• Rosa Luxemburg, Marxist theorist, philosopher, economist and activist of Polish Jewish descent
  • Min Li Marti, Swiss politician and publisher
  • Albert Meyer, President of the Swiss Confederation
  • Max Petitpierre, President of the Swiss Confederation
  • Carl Victor Ryssel, theologian
  • Roger Sablonier (1941-2010), Swiss historian and writer (faculty, Emeritierter Ordinarius für Geschichte des Mittelalters)
  • Leon Schlumpf, President of the Swiss Confederation
  • Ernst Sieber (born 1927), Swiss pastor, social worker, writer and former EVP politician
  • Cornelio Sommaruga, Swiss humanitarian, lawyer and diplomat
  • Willy Spühler, President of the Swiss Confederation
  • Walther Stampfli, President of the Swiss Confederation
  • Hashim Thaçi, prime minister of the Republic of Kosovo
  • Wangpo Tethong (born 1963), Swiss-Tibetan activist, writer, spokesperson of Greenpeace Switzerland and member of the 15th Tibetan Parliament in Exile
  • Daniel Thürer, Swiss jurist
  • Klaus Tschütscher, former Head of Government of Liechtenstein as Prime Minister
  • Ernst Wetter, President of the Swiss Confederation
  • Sigmund Widmer (1919-2003), Swiss politician
  • Dölf Wild (born 1954), Swiss historian and archäeologist

Economics, business and management

  • Stephan Schmidheiny, Swiss businessman and billionaire
  • Christoph Blocher, Swiss politician, industrialist and former member of the Swiss Federal Council
  • Martin Ebner (born 1945), Swiss billionaire businessman
  • Walter Haefner, businessman and a Thoroughbred racehorse owner/breeder in Ireland
  • Peter Kurer, Swiss manager and lawyer
  • Markus U. Diethelm, Swiss businessman and Group General Counsel at UBS AG
  • Marc Faber, an investment analyst and entrepreneur
  • Marcel Rohner (banker), Swiss businessman (UBS AG)
  • Karl Brunner (economist), Swiss economist
  • Bruno Frey, Swiss economist
  • Raynold Kaufgetz, Swiss economist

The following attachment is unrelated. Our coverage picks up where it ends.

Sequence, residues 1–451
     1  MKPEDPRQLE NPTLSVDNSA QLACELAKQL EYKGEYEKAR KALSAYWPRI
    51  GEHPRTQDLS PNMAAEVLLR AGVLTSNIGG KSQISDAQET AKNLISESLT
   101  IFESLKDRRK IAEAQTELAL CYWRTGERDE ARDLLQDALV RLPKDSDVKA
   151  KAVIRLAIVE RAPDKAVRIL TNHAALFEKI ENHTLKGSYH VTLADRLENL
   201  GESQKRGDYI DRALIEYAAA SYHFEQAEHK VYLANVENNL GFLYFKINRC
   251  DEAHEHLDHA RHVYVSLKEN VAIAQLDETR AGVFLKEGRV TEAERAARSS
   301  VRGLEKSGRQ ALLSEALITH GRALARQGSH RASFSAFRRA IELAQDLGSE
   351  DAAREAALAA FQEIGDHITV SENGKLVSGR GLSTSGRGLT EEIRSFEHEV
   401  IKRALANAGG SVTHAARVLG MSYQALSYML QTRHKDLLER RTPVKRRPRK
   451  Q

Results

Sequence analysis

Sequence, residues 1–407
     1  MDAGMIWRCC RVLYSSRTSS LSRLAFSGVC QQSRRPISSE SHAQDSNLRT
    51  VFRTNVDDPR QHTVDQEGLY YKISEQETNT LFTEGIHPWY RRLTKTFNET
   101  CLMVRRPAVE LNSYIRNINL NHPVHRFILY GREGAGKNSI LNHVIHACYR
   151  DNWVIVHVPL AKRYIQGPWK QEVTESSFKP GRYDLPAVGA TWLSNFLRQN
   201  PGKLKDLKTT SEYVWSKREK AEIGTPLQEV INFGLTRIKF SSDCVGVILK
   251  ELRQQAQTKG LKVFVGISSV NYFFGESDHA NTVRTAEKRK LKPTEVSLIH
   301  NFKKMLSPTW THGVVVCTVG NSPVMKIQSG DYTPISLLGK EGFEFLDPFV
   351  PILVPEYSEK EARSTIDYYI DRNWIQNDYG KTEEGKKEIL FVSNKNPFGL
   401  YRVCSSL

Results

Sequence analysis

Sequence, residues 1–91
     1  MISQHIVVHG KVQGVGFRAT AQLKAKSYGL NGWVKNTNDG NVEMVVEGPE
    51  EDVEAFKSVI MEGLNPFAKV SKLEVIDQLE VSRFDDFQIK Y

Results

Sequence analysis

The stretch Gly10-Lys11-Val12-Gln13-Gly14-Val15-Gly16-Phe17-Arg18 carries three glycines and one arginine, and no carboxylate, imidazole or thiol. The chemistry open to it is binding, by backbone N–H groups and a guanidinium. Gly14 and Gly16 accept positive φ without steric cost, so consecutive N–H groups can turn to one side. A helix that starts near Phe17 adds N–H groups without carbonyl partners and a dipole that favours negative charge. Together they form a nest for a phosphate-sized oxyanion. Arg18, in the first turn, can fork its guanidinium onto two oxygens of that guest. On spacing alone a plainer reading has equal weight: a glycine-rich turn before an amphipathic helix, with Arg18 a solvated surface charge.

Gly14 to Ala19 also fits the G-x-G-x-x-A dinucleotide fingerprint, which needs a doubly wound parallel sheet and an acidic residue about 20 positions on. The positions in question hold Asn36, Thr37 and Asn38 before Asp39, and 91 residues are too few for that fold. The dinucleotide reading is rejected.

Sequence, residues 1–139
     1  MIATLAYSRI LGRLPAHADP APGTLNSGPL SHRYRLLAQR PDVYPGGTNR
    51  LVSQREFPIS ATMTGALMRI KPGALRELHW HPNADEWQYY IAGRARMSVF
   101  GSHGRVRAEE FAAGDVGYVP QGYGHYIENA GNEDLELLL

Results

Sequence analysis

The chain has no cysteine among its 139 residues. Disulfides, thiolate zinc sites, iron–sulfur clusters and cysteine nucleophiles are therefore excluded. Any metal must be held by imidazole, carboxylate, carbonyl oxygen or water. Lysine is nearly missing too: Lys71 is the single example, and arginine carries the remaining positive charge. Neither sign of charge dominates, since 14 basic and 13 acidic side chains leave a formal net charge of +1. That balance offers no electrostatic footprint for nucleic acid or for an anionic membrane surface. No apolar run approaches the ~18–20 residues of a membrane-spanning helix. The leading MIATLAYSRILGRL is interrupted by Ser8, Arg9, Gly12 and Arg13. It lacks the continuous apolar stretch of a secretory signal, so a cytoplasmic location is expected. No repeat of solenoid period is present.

• Adriano B. Lucatelli, Swiss manager and businessperson
  • Dominique Rinderknecht, Swiss model and Miss Switzerland 2013
  • Alan Frei, Swiss businessman


  • Herbert West, Neuroscientist
  • Wilhelm Röntgen, physicist and engineer who discovered X-rays
  • Alfred Kleiner, experimental physicist
  • Albert Einstein, theoretical physicist who was awarded his PhD from the University of Zurich in 1905 and was appointed associate professor at the university in 1909
  • Albert Hofmann, Swiss scientist and discoverer of LSD-25
  • Peter Debye, Dutch physicist and chemist
  • Erwin Schrödinger, Austrian physicist who was professor from 1921 to 1927
  • Max Holzmann, Swiss cardiologist
  • Jean Lindenmann (1924–2015), Swiss immunologist and virologist; co-discoverer of interferon
  • Heidi Wunderli-Allenspach (born 1947), Swiss biologist and first women rector of ETH Zurich
  • Hugo Iltis, Biologist, Biographer of Gregor Mendel
  • Natalie Grams, German physician, author and science communicator

Nobel Prize laureates

Associated with the university are 12 Nobel Prize recipients, primarily in Physics and Chemistry.

Year Field Laureate
1901 Physics Wilhelm Conrad Röntgen
1902 Literature Theodor Mommsen
1913 Chemistry Alfred Werner
1914 Physics Max von Laue
1921 Physics Albert Einstein
1933 Physics Erwin Schrödinger
1936 Chemistry Peter Debye